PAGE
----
an enclosure for holding said foam base, said plurality of bladders and said convoluted foam pad,
wherein said convoluted foam pad accentuates the motion of said liquid in said plurality of rectangular bladders.
2. The lightweight waterbed structure of claim 1, further comprising a water impervious safety liner positioned between said foam base and said plurality of bladders.
3. The lightweight waterbed structure of claim 2, wherein said safety liner is shaped substantially in conformance with said foam base and extends beyond the perimeter of said foam base to allow the perimeter of said safety liner to be placed beneath said perimeter of said foam base.
4. The lightweight waterbed structure of claim 1, further comprising a water impervious condensation barrier positioned between said plurality of bladders and said convoluted foam pad.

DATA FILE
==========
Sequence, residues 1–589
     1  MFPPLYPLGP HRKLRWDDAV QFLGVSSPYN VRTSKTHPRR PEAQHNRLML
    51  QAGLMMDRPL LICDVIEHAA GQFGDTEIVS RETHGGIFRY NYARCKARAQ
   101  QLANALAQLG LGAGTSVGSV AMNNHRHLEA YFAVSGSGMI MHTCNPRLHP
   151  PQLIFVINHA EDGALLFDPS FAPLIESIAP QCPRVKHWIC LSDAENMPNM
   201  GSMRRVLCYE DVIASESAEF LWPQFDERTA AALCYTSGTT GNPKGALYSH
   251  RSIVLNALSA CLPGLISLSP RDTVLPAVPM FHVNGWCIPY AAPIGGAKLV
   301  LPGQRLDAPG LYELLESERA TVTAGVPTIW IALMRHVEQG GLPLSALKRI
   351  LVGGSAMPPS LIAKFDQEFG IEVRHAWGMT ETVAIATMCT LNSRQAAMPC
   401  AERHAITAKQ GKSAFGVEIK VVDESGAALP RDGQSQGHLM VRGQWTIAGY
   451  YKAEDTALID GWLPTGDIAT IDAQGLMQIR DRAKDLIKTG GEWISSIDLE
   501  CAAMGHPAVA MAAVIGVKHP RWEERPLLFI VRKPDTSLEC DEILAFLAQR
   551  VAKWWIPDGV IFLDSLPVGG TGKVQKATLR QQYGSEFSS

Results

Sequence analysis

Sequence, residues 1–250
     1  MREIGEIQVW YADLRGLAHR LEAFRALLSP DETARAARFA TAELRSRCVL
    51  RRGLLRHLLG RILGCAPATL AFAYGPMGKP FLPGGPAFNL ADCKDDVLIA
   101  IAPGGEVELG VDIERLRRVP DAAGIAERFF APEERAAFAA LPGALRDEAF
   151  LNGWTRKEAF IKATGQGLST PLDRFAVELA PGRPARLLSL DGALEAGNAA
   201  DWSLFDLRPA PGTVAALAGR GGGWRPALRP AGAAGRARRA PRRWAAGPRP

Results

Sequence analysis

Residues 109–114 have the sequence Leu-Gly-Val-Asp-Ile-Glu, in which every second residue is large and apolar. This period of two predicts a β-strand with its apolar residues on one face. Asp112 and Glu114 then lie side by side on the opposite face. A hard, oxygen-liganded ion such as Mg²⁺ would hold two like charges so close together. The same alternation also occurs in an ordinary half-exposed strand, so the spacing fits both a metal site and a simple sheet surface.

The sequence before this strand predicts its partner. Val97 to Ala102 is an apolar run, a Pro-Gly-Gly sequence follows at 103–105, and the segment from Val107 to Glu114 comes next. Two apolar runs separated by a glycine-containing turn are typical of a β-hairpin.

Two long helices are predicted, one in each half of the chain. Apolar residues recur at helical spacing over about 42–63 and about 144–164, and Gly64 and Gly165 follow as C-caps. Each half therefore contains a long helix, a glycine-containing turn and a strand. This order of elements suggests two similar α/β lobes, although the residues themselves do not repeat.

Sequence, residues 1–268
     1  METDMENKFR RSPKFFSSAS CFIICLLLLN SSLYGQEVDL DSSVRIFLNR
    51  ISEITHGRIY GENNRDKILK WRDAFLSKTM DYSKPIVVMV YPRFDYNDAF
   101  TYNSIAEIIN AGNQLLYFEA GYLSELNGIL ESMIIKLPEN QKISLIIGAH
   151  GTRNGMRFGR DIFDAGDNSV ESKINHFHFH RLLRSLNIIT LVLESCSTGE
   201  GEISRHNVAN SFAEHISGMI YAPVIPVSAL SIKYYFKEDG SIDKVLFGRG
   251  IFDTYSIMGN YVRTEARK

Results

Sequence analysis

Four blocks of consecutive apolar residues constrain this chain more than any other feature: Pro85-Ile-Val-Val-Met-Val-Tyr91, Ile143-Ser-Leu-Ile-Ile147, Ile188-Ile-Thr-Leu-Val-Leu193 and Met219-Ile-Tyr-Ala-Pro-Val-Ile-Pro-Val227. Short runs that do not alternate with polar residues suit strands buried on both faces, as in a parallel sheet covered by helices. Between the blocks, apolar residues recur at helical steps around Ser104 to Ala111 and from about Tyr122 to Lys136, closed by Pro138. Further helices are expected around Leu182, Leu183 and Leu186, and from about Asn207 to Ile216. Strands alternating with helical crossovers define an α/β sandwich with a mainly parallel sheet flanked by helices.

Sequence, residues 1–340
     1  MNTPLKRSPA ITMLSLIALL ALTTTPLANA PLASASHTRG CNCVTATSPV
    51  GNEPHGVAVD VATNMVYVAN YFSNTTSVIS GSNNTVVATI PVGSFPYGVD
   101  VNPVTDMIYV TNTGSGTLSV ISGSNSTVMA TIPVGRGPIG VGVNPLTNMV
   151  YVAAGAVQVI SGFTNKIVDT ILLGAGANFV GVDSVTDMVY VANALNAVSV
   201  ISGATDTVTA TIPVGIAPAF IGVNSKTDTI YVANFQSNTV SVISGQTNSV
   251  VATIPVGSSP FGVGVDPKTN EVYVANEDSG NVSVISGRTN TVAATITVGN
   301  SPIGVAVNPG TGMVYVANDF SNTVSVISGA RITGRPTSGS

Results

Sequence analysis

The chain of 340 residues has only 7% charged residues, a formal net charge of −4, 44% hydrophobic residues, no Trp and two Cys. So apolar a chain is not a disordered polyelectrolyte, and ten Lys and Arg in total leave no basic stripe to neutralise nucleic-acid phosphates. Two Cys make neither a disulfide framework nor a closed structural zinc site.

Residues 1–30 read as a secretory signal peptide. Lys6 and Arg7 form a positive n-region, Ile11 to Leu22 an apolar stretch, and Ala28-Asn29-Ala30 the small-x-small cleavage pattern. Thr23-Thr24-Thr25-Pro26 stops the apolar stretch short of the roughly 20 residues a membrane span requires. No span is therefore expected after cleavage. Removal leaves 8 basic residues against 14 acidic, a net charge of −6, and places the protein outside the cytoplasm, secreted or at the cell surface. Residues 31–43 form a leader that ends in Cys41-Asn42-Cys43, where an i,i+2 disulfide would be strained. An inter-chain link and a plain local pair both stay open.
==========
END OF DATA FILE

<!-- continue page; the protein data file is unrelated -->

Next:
5. The lightweight waterbed structure of claim 4, wherein said condensation barrier covers said plurality of bladders and extends beyond the perimeter of said foam base to allow the perimeter of said condensation barrier to be placed beneath said perimeter of said foam base.
6. The lightweight waterbed structure of claim 1, wherein said convoluted foam, having a top side and a bottom side with said top side having raised fingers, is positioned on said plurality of bladders so that said top side having said fingers is oriented away from said plurality of bladders.
7. The lightweight waterbed structure of claim 6, wherein said convoluted foam has an indentation load deflection of approximately between 14 to 20 pounds per cubic foot.
8. A lightweight waterbed structure comprising:
a foam base having a raised border around its perimeter;
a water impervious safety liner positioned on said foam base and shaped substantially in conformance with said foam base;
a plurality of rectangular bladders, each of said bladders having a generally flat profile with a depth dimension of between 3/4 of an inch and 11/4 of an inch, when containing liquid and when arranged horizontally within said raised border of said foam base in a side by side configuration to cover said foam base, each of said bladders comprising two sheets of water impervious material welded together along the perimeters of each of said sheets;